The back-pack was in fact very solid evidence, particularly as it was actually harnessed to the body when found and had the letters JM roughly engraved inside the lid. In the generations preceding our very affluent society it was quite common to have a travelling 'pack-man' visit country homes on a regular basis. He would carry a selection of essential household and personal items for the housewife and her family to inspect and buy as they choose. Most of these pack-men appeared to be elderly or infirm, often old soldiers down on their luck, who eked out a living in this manner rather than beg or ask for state assistance. They would of course receive the normal hospitality of the countryside of their time and could depend on tea and scones, sometimes a full meal, in virtually every home they visited. The children were generally in awe of them and indeed local superstitions in many areas ensured their safe passage.
Johnny Miller was one such pack-man. He was known to be an ex-soldier although he never discussed his personal life with anyone. He would call at the same homes on the same day every month. His catch-phrase was 'all colours of black-thread'. He had no known family and lived in what was actually a small outhouse or shed belonging to a local farmer. He paid no rent and was never asked for any.
Although usually seen on public roads he would often walk through farmland to shorten his journey. No one ever suggested he was trespassing. One of his walks took him from the Eakin farm to the Burns farm just over the hill, the most direct route being by the 'Cherry Tree Well'.
Johnny Miller stopped calling. People wondered, and some were concerned enough to ask the police to check. However apart from a visit to his small home, which was found to be very neat and tidy although it contained nothing of worth, and some general enquiries, no intensive investigation was undertaken. He was an adult, with no family to concern themselves, and was legally entitled to go his own way.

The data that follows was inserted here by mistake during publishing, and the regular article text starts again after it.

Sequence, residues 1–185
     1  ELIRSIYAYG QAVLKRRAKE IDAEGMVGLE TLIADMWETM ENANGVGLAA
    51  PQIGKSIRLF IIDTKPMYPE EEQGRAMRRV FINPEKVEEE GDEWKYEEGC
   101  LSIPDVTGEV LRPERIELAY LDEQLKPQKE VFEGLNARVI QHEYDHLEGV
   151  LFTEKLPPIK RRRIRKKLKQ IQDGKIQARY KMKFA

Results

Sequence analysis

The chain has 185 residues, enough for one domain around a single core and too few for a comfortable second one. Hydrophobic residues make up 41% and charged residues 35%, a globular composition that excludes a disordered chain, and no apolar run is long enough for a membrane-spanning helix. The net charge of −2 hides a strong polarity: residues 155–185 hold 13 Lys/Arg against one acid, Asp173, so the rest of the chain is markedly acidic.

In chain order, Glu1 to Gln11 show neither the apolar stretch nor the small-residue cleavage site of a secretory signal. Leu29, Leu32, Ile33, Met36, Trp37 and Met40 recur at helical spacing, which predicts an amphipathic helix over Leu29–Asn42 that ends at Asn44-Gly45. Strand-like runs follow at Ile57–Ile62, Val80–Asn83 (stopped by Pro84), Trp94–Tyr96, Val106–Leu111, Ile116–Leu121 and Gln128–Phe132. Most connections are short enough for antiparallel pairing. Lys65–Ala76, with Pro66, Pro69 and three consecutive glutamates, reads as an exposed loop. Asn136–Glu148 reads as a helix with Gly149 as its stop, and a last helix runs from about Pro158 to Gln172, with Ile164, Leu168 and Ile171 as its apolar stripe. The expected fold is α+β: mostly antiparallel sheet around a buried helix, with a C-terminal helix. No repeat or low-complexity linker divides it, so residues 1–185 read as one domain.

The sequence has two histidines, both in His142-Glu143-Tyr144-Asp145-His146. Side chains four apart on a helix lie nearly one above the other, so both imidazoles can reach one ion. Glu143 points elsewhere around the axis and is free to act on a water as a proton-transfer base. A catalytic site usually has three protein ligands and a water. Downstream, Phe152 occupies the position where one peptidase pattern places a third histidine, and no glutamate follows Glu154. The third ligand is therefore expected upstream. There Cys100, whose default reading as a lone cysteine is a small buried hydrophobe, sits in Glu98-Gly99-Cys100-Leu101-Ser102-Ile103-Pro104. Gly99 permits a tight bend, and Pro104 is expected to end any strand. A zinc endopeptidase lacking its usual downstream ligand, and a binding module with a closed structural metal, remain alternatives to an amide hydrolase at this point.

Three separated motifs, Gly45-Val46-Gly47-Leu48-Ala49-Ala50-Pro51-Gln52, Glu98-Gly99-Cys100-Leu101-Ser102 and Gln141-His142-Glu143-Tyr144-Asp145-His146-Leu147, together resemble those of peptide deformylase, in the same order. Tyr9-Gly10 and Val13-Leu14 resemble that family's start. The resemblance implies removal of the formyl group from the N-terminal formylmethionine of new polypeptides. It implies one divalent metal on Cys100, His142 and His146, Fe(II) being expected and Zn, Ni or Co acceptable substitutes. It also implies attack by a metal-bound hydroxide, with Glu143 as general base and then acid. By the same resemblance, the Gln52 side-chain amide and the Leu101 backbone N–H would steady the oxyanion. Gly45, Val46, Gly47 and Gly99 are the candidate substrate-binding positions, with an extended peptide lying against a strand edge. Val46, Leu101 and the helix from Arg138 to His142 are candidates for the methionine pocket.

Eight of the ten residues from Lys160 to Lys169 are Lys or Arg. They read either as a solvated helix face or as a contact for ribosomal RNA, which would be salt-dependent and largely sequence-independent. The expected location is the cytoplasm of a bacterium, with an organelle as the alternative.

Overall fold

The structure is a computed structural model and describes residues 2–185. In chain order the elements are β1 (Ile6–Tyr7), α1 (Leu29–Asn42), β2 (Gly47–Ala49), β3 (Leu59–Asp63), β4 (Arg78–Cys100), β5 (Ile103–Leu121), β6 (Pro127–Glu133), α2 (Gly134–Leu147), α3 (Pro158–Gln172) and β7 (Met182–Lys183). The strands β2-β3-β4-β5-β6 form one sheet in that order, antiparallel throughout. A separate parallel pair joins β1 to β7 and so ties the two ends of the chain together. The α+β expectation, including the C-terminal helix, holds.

The remains were eventually given a Christian burial in the local cemetery, the register being marked 'unknown', although the surprisingly large number of local people who attended were convinced he was an old soldier called Johnny Miller. Few of those present would even have heard of him, possibly their parents or grandparents would have met him or heard their parents refer to him, but they felt he deserved to be acknowledged.
George Eakin never covered the well again. He replaced the hedge and gate, rebuilt the well to its original height, and fitted a safety grill over it. He also planted a cherry tree alongside. It is now known as 'Johnny Miller's Well'.
Since that time no one has ever reported evidence of any presence there. Perhaps the packman has made his last visit